Low-frequency Pliocene climate variability in the eastern Nordic Seas
|Author(s)||Risebrobakken Bjorg1, Andersson Carin1, de Schepper Stijn1, McClymont Erin L.2|
|Affiliation(s)||1 : Bjerknes Ctr Climate Res, Uni Res Climate, Bergen, Norway.
2 : Univ Durham, Dept Geog, Durham, England.
|Source||Paleoceanography (0883-8305) (Amer Geophysical Union), 2016-09 , Vol. 31 , N. 9 , P. 1154-1175|
|WOS© Times Cited||9|
|Keyword(s)||Pliocene, Nordic Seas, stable isotopes, diagenetic calcite, paleogeography, external and internal forcing|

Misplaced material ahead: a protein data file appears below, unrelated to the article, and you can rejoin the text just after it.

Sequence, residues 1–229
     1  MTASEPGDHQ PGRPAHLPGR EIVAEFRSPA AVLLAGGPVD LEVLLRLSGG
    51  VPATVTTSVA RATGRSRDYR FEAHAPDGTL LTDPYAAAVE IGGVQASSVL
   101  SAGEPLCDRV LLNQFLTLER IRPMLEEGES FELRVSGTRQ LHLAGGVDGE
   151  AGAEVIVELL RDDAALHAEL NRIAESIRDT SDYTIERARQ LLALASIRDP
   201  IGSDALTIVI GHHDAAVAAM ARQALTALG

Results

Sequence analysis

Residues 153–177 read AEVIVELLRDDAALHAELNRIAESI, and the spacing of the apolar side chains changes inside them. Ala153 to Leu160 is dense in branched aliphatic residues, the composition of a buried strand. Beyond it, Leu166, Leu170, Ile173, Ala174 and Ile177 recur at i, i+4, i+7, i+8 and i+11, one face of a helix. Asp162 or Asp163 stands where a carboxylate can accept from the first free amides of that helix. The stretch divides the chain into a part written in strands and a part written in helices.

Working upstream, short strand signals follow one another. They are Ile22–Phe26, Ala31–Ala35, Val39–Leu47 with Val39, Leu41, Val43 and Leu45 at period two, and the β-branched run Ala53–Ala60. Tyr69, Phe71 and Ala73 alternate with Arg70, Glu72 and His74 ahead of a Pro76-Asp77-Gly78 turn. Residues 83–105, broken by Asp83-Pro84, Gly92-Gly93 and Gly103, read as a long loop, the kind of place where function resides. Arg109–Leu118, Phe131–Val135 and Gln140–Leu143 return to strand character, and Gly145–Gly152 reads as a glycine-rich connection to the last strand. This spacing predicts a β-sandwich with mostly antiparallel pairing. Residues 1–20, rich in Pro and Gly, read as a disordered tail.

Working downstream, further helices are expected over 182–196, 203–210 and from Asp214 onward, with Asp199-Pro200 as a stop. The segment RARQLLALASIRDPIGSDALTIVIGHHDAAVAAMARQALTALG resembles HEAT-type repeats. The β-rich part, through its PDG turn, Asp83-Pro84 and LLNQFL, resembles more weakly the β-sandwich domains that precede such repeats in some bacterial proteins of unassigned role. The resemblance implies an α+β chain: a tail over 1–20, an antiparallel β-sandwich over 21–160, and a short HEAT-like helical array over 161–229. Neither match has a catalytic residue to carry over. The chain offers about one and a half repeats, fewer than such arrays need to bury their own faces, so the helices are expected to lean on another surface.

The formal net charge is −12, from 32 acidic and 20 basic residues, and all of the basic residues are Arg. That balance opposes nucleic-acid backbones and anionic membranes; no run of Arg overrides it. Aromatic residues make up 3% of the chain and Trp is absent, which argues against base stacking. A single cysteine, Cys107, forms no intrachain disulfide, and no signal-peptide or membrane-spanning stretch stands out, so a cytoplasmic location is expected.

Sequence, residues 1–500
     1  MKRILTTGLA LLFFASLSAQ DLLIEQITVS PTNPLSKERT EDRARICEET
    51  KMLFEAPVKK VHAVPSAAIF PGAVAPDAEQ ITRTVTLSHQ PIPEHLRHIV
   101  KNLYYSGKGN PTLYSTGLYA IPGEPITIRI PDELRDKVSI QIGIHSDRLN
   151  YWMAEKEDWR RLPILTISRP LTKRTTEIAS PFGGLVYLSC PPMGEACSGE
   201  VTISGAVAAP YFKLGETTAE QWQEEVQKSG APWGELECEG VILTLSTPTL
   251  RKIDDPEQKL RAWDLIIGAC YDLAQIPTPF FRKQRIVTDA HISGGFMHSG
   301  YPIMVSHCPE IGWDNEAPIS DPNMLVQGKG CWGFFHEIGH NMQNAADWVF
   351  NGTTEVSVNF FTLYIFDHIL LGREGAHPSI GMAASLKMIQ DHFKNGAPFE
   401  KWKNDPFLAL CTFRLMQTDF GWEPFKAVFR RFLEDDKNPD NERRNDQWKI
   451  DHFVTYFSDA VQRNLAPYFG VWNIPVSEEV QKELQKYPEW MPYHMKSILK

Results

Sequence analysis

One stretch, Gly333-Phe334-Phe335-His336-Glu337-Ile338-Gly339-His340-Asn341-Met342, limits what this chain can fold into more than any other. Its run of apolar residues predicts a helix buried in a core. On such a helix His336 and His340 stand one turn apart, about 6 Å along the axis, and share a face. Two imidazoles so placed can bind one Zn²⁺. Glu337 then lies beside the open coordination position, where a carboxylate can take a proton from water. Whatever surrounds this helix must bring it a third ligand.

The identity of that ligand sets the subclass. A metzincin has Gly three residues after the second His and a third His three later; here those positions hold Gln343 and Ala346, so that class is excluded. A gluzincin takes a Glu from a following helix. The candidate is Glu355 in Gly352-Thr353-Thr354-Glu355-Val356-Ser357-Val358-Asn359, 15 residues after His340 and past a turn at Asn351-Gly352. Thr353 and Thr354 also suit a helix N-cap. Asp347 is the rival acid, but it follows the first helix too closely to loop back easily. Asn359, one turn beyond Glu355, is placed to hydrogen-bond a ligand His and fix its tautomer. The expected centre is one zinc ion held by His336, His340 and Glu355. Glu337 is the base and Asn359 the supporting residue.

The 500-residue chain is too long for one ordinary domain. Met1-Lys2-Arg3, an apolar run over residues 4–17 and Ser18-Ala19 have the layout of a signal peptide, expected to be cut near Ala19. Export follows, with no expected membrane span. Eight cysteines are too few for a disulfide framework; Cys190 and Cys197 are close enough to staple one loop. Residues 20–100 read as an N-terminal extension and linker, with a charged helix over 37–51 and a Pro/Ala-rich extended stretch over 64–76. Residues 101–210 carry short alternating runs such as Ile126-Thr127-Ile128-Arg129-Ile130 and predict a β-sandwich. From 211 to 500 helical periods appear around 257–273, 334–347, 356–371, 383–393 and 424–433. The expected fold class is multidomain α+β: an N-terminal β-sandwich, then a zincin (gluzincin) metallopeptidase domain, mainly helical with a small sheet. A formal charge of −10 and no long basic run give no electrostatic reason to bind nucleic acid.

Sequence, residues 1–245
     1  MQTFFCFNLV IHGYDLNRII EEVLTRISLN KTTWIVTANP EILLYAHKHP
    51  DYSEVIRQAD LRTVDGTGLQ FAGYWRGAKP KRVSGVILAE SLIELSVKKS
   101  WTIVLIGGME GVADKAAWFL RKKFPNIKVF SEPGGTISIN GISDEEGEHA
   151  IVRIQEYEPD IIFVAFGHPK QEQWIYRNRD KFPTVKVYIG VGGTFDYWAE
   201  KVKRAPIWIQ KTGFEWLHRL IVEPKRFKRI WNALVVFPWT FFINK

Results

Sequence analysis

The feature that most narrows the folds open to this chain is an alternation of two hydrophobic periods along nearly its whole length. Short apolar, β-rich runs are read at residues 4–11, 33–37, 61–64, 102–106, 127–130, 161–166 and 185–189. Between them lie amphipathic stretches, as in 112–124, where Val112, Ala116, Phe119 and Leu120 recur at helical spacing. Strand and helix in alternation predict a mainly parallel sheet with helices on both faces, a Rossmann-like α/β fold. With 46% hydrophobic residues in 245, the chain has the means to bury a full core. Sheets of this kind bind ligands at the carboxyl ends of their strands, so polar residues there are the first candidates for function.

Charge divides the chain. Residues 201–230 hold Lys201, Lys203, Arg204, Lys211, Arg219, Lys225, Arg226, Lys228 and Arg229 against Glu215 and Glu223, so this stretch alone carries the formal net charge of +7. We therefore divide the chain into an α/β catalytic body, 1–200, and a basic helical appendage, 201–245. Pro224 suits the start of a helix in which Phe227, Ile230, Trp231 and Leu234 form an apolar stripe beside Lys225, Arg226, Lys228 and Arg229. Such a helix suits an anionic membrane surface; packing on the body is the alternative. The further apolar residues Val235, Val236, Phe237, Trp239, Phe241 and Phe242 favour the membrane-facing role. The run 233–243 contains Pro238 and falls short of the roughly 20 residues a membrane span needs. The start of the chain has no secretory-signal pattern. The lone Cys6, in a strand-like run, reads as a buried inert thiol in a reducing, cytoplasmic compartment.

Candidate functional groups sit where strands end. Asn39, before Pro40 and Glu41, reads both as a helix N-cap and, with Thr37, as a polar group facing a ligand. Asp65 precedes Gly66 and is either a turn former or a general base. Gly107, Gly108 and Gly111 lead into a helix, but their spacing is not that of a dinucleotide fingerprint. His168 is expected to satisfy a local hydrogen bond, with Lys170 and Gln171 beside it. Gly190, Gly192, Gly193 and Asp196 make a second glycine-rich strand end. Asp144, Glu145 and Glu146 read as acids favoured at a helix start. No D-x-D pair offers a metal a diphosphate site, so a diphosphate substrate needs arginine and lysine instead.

The Pliocene (5.3-2.6Ma) is often described as a relatively stable climatic period, with warm temperatures characterizing high latitudes. New suborbital resolved stable isotope records from Ocean Drilling Program Hole 642B in the eastern Nordic Seas document that the Pliocene was not a stable period characterized by one climate. Rather, seven distinct climate phases, each lasting between 150,000 and 400,000years, are identified and characterized in the time interval 5.1-3.1Ma. Four of the transitions between the defined climate phases occurred close to an eccentricity minimum and a minimum in amplitude of change for Northern Hemisphere summer insolation, while two occurred around an eccentricity maximum and a maximum in amplitude in insolation change. Hence, a low-frequency response of the Nordic Seas to insolation forcing is indicated. In addition, paleogeographic and related paleoceanographic changes, expansion of the Arctic sea ice cover, and onset of Northern Hemisphere glaciation were important factors behind the evolving Pliocene low-frequency variability in the eastern Nordic Seas. It is likely that the identified climate phases and transitions are important beyond the Nordic Seas, due to their association with changes to both insolation and paleogeography. However, a strong and variable degree of diagenetic calcite overgrowth is documented for the planktic foraminifera, especially influencing the planktic O-18 results; the absolute values and amplitude of change cannot be taken at face value.